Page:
So far, U.S. online holiday spending is up 3 percent, according to comScore. That’s a fairly healthy increase, all things considered. As of December 6th, consumers have spent $16 billion online this holiday season. Online sales have dropped off since Thanksgiving and Black Friday’s respective growth of 10 and 11 percent. Cyber Monday sales grew 5 percent year-over-year to $887 million, while the following week's sales fell to 3 percent growth before falling into the negative over the weekend. “After a strong beginning to the week, we saw growth rates decelerate over the weekend to put this past week of holiday shopping in line with our 3 percent growth forecast for the season,” said comScore chairman Gian Fulgoni.

ComScore remains cautiously optimistic about the remainder of the holiday season.

“We are anticipating heavy spending for the current week, making it an important determinant for how the holiday season as a whole will perform," Fulgoni said. "Hopefully, we’ll see a return to the growth rates we observed during the earlier part of this past week and that the weekend softness was just a temporary hiccup."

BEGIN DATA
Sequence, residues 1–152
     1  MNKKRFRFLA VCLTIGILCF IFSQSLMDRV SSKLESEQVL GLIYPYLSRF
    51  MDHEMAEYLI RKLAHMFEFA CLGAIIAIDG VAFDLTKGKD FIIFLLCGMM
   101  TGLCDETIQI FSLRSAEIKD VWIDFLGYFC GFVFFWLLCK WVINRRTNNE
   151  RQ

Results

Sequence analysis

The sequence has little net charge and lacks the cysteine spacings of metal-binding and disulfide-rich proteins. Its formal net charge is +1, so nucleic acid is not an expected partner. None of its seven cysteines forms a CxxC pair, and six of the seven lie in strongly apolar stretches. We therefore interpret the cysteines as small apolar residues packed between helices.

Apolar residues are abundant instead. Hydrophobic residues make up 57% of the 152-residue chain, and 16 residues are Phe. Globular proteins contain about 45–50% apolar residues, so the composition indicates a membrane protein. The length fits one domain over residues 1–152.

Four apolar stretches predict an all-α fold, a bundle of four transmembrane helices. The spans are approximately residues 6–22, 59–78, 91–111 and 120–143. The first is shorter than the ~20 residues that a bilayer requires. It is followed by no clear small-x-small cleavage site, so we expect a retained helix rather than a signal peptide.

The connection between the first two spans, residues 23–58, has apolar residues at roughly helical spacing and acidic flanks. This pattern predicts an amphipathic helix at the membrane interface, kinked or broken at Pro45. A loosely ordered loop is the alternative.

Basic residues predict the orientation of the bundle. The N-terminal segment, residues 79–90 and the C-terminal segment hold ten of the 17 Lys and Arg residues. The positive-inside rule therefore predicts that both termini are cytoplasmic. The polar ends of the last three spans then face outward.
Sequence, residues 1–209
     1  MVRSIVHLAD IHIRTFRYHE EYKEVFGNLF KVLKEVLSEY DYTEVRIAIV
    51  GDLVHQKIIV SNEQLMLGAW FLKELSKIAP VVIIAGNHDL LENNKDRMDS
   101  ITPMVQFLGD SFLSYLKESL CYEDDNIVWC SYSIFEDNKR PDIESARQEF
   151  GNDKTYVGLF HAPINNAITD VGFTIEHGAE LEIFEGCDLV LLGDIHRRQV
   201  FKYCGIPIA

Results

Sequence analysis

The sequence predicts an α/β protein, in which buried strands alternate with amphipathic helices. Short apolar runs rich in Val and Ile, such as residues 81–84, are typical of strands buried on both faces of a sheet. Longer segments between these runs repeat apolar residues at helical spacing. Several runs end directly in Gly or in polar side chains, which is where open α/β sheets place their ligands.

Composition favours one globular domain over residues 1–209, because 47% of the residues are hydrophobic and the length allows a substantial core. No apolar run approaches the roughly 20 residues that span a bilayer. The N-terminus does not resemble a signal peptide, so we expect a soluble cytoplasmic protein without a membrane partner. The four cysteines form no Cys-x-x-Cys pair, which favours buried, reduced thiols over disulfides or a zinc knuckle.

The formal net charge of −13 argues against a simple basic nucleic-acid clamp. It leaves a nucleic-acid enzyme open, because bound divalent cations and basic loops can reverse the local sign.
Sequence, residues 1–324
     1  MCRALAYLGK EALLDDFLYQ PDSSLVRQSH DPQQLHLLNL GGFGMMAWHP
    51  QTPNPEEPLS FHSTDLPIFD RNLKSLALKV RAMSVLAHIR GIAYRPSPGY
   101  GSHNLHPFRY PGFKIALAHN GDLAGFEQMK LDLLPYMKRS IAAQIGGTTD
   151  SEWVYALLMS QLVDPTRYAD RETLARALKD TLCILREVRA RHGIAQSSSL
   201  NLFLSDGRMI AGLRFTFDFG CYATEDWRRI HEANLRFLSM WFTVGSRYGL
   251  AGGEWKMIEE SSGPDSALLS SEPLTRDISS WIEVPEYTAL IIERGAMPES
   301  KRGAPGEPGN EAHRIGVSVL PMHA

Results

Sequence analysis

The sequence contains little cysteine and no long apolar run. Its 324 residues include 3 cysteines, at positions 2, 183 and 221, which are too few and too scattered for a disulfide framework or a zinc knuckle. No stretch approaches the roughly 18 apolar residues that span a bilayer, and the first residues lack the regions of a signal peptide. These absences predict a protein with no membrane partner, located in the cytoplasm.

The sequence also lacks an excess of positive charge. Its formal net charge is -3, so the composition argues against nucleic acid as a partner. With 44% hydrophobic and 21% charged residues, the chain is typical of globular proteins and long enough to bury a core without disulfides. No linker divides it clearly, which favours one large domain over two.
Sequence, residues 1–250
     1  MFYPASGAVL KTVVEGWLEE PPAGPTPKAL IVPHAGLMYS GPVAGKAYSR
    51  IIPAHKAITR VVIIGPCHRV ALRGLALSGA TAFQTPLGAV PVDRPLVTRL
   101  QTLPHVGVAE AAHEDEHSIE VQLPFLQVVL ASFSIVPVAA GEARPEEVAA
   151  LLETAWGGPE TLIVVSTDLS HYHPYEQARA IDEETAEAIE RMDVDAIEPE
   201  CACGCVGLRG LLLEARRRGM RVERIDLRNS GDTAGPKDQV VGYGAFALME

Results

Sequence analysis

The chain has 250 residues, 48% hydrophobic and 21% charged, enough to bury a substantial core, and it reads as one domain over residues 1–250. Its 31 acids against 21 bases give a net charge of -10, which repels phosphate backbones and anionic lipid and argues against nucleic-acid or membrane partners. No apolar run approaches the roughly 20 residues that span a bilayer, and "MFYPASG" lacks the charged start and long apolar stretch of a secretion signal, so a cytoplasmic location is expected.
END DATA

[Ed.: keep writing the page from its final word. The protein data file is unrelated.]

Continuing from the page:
The report also examines the role of social media in this year’s holiday spending.

Nearly 3 out of 10 respondents (28 percent) say that social media influenced their purchases. While the two most influential social media components were reviews, both professional (11 percent) and consumer generated (11 percent), some of the other responses show the growing power of Facebook and Twitter.

Seven percent of consumers followed companies on Facebook to take advantage of special offers and 5 percent did the same on Twitter (unfortunately, the wording in this category is unclear as to whether or not consumers actually did make purchases based on the offers).

What is interesting is that six percent of consumers made purchases based on friends’ Facebook status updates about a product and 3 percent made a purchase based on a tweet about a product.

But when you think about it, most people weren’t on Twitter last year at this time (a lot of people still weren’t on Facebook), so while the overall influence is low, the overall impact of the service on holiday retail is pretty significant.

By Mark Alvarez